Category: Persons

Kant, neo-Kantianism and Plato

Kant, and the academic / intellectual current known as "neo-Kantianism," have attempted a fragmentary, productive and at times interesting reading of Plato's work, which explicitly derives from their own systemic interests.

Kant

Immanuel Kant's work (1724-1804) occupies a nodal position concerning the development of modern philosophy. He criticised the purportedly one-sided views of modern rationalism and empiricism and sought to effect their conciliation. At the same time, his work inaugurated intellectual currents such as German Idealism while exerting considerable influence upon contemporary philosophical debates.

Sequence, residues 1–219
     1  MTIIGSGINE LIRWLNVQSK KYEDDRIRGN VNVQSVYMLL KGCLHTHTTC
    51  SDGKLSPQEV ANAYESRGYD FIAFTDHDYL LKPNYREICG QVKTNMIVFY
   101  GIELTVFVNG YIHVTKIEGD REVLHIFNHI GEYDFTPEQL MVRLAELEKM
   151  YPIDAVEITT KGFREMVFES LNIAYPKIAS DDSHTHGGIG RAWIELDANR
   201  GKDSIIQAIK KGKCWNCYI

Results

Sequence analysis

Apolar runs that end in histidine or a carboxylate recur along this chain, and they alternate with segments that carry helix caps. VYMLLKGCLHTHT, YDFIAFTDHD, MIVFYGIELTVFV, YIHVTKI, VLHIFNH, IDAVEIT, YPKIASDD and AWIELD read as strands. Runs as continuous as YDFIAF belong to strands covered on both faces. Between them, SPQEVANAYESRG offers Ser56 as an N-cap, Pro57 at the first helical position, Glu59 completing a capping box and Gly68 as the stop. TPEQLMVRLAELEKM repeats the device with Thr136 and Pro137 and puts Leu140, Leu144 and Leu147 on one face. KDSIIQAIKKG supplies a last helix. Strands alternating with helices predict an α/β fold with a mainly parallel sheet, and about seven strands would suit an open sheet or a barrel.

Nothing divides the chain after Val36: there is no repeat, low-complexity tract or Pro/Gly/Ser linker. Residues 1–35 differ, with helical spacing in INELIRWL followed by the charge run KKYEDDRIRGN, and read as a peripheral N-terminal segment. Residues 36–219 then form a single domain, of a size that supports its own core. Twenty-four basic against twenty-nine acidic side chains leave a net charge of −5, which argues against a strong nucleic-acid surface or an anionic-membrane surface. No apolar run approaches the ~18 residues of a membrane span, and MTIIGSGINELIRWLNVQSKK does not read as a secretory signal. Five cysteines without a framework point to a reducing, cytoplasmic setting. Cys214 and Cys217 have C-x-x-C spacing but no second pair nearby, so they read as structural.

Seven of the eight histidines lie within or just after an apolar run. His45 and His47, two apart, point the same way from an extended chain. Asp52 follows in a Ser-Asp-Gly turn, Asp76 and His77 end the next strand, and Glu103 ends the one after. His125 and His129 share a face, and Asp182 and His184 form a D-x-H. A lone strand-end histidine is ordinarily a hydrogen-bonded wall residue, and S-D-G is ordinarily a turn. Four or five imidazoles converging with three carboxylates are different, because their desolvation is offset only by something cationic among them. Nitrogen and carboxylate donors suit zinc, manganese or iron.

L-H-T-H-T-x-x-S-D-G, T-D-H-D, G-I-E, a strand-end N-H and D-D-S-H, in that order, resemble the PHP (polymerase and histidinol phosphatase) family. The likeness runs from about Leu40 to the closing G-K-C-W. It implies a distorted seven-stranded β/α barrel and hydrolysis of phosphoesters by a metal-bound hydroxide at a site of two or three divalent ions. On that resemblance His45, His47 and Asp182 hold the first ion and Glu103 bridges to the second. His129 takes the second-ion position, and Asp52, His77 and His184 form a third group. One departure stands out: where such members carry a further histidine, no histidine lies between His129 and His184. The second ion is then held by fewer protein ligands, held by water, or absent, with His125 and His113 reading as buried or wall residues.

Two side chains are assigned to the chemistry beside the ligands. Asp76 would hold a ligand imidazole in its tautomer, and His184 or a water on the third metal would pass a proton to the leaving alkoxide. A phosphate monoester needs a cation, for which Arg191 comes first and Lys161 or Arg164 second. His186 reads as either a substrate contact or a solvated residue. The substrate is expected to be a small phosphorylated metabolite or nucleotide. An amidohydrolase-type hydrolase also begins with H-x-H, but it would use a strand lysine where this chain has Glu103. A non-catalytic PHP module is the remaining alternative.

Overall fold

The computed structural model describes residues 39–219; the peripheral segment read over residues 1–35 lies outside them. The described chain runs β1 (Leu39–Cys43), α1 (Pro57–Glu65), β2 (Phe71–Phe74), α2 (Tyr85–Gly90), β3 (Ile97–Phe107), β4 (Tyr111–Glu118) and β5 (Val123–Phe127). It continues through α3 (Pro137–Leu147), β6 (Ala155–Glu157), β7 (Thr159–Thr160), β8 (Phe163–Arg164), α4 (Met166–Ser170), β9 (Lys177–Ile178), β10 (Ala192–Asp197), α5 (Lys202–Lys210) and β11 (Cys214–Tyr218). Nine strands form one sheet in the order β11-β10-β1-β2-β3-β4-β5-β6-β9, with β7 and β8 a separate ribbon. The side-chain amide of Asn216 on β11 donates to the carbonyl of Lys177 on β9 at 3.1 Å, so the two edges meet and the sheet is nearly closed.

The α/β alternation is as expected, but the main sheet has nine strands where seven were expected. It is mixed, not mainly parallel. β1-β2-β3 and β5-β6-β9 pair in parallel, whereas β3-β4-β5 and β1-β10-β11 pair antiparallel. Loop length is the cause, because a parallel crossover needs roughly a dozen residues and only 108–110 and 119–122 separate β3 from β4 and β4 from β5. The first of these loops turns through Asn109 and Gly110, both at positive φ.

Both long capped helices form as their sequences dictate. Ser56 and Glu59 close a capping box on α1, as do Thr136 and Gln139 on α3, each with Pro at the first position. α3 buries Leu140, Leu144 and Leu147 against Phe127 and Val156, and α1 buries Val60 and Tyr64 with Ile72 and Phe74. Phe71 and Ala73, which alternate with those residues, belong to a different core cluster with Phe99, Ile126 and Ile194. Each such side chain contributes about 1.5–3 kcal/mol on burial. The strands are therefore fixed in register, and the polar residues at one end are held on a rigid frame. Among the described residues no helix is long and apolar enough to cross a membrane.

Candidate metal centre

Kant's mature work is usually defined in terms of a "critical philosophy." Faced with the conflicts and impasses of a traditional metaphysics that could not keep pace with the progress encountered in other scientific fields, he attempted to re-ground it through his critical project. It essentially consisted in the exact determination and strict delimitation of the limits of Reason [ratio, Vernunft]. The philosopher acknowledges the existence and binding character of an a priori knowledge, that is, a knowledge that is independent from experience. This kind of knowing, however, does not target the perceptible world as its object but shapes up itself as the knowledge of the ways in which human subjects come to set up the empirical world: "with respect to things themselves, we know a priori only what we ourselves set within them."